Ben Younger’s Bleed for This has problems that are, to varying degrees, its own fault. Part of this is a condition of the state of cinema in its current incarnation. While Bleed for This isn’t a sequel, a reboot or even an attempt at sparking some new franchise, it is — in its own way — perfectly pat and lacking adventure. The film is of the based-on-a-true-story variety, with a beefed-up Miles Teller sporting a wispy mustache and playing real-life boxer Vinny Pazienza, who came back from a horrific car accident and paralysis to fight once more. It’s a crowd-pleaser, one that hits every note and beat expected of it, all within the framework of its by-the-book boxing genetics. It’s all about overcoming the odds and the indomitable human spirit. And Bleed for This is perfectly adequate in these respects — it’s just not very exciting or interesting.
I’ve written this numerous times before, but being a retread on paper isn’t necessarily a death knell for a movie. How the subject matter is handled or molded by the director can make all the difference, which is why the lack of creative moxie in Bleed for This makes for a film that’s sufficient and little else. This is especially frustrating when the movie should know better after Ryan Coogler’s Creed came out last year and did little more than just restart Rocky (1976). But Coogler had enough smarts to add questions of race, legacy and family into the mix. Bleed for This has none of this on its mind. Instead, this is a boxing movie pared down to its basics and whittled down to verve-less clichés.
It’s perhaps unfair to compare Bleed for This to Creed, which — somehow, some way — managed to get everything just right, but these movies don’t exist in a vacuum. So, if you want look at the boxing movie within its own context, it’s disappointing to see this small subgenre take a step back. The boxing here isn’t dynamic or cinematic, and the story isn’t especially engaging. Most disappointing of all, however, is how the movie trips up when it comes to race, presenting yet another tale of the underdog white boxer. Nothing in Bleed for This feels essential or new.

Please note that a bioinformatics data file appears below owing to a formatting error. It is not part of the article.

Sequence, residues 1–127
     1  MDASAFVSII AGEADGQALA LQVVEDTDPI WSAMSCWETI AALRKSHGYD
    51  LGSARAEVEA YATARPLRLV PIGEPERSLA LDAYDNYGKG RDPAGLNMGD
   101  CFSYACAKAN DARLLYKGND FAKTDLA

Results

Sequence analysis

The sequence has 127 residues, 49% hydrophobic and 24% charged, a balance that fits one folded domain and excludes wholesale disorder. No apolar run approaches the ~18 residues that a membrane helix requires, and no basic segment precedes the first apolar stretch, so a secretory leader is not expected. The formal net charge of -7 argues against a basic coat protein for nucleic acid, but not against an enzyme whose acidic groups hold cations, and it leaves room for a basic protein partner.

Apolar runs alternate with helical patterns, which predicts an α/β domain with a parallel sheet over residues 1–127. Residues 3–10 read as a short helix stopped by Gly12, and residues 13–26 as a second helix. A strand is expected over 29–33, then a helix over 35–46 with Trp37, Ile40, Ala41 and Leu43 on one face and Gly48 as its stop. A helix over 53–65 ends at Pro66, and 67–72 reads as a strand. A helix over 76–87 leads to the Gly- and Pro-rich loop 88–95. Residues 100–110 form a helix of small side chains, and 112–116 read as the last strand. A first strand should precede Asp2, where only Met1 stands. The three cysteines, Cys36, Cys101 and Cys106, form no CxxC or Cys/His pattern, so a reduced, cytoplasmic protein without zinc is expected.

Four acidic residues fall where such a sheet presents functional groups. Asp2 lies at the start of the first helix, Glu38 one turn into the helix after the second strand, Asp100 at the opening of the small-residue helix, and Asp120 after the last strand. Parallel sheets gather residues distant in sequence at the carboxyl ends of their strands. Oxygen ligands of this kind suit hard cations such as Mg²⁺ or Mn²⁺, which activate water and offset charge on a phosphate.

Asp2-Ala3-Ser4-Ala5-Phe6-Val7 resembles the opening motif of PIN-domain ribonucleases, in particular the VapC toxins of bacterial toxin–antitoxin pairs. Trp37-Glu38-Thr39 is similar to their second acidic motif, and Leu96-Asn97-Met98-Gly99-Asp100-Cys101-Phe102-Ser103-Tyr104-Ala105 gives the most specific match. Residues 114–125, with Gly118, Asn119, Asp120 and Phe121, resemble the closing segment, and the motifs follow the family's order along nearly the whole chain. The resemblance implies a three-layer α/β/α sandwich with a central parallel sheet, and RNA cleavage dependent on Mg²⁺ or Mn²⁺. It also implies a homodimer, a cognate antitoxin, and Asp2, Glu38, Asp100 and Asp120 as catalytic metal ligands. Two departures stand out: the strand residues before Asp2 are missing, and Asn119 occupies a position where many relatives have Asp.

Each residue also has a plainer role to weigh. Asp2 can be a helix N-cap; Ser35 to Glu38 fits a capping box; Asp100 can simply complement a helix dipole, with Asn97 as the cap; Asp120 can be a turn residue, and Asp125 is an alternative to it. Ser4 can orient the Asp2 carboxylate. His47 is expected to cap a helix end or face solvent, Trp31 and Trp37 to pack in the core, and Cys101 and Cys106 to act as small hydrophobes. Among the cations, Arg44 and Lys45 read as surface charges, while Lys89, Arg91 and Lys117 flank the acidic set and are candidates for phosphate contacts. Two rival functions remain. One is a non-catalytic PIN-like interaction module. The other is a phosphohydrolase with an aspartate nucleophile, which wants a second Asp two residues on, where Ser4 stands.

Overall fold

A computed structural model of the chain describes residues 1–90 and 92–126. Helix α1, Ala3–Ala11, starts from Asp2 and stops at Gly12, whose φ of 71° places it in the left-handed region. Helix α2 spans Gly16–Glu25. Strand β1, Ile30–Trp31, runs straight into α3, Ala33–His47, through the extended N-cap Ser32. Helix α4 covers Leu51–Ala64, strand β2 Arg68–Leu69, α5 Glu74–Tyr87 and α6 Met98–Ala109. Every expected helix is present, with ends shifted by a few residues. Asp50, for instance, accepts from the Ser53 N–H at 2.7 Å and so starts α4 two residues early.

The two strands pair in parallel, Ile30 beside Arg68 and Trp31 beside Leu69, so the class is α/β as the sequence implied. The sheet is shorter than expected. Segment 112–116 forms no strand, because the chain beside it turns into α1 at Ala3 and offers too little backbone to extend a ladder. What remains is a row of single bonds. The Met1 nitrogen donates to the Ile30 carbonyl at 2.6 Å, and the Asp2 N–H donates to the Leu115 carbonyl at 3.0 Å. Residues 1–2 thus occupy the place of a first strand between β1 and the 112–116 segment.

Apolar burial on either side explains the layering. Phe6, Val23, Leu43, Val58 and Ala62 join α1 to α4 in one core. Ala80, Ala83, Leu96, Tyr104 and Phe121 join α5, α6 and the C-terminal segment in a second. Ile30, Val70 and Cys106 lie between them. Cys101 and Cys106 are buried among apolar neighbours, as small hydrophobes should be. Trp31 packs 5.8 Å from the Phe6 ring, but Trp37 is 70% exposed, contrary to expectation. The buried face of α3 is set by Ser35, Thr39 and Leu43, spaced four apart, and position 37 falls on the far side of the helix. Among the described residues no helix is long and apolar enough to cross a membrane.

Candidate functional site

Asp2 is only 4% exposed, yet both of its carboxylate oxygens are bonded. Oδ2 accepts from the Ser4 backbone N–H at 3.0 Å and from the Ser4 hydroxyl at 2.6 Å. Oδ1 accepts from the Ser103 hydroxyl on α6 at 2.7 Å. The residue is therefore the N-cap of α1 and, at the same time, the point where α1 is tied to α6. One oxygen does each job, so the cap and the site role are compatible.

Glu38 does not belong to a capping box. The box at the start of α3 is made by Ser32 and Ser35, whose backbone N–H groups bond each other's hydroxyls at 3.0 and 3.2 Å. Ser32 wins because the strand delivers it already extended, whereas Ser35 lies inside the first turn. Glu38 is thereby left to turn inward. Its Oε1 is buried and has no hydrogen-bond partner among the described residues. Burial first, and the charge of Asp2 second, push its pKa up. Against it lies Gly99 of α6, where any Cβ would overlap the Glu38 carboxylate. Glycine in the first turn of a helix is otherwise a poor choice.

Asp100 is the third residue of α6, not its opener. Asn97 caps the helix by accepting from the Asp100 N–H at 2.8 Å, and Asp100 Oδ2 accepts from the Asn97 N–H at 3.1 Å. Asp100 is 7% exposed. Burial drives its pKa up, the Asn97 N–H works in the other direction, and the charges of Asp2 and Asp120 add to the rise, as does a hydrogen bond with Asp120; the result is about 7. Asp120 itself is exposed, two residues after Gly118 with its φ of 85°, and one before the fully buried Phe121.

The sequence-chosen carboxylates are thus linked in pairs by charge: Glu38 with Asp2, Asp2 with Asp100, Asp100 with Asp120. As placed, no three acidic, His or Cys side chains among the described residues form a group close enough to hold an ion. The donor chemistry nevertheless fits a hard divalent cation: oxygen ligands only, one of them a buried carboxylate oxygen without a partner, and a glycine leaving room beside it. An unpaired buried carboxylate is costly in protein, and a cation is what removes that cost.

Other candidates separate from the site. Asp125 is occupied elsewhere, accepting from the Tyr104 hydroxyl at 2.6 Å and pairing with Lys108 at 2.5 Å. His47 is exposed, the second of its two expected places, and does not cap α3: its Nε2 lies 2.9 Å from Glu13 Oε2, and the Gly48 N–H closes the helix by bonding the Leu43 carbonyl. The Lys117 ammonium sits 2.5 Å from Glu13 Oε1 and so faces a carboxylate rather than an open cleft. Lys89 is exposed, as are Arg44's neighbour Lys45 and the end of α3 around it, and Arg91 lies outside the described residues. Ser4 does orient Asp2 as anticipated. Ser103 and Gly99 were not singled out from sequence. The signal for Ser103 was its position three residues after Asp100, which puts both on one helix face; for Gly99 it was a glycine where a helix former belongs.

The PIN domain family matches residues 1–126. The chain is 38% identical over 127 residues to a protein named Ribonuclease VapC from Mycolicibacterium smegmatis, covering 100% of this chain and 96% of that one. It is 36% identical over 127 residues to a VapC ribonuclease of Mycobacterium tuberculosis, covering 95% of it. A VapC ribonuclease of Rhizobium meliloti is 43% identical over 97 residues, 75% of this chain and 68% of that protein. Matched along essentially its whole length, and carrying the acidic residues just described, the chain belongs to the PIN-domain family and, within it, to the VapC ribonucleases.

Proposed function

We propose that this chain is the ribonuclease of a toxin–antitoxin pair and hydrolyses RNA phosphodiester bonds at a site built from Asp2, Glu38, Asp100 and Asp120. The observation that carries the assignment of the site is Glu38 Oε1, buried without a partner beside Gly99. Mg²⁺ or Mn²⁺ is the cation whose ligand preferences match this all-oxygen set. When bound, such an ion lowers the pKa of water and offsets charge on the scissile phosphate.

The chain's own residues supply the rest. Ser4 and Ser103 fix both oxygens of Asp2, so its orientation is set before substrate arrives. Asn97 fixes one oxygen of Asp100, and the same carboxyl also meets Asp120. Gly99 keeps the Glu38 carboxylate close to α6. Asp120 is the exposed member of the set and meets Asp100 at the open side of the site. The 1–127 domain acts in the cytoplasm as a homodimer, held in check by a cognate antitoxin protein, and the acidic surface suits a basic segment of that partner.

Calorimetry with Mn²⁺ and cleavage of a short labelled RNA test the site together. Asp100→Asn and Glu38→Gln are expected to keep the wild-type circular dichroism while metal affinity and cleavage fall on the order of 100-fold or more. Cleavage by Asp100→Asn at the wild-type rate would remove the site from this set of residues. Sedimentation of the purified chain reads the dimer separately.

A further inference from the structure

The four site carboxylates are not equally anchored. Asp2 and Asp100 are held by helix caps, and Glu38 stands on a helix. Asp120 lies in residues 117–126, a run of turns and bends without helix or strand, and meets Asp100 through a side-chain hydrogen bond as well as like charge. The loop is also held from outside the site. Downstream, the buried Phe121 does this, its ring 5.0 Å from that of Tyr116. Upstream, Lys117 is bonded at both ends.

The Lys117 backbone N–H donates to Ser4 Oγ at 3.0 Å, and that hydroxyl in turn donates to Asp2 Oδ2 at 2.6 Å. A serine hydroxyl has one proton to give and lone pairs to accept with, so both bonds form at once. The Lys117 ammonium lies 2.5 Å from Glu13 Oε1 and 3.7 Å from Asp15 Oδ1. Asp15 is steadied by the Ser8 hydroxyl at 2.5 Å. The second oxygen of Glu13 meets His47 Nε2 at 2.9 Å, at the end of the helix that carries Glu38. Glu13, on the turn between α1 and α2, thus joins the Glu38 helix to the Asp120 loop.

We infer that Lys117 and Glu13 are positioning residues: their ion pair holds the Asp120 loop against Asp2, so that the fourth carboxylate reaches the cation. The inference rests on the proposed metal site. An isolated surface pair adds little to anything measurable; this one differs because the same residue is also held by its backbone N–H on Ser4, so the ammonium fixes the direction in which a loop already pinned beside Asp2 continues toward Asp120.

Now for the subjectivity, where I admit I’ve never liked Miles Teller in anything I’ve seen him in. I’ll add this movie to that list. (His performance as the cocky dirtbag with a heart of gold Pazienza is getting a bit of praise, so do with that as you will.) Generally, I found him engaging here, but Teller has that Tom Cruise syndrome of being a bit too unlikable to properly play unlikable. He plays the jerk so well there’s never a moment of sympathy, meaning the film lacks that all-important emotional center, especially crucial for the uplifting sports flick. Yes, Bleed for This is engaging on a base level, but it’s missing so many key components — imagination, a strong cast — that there’s little here to truly recommend. Rated R for language, sexuality/nudity and some accident images.
Now Playing at Carmike 10, Epic of Hendersonville and Regal Biltmore Grande.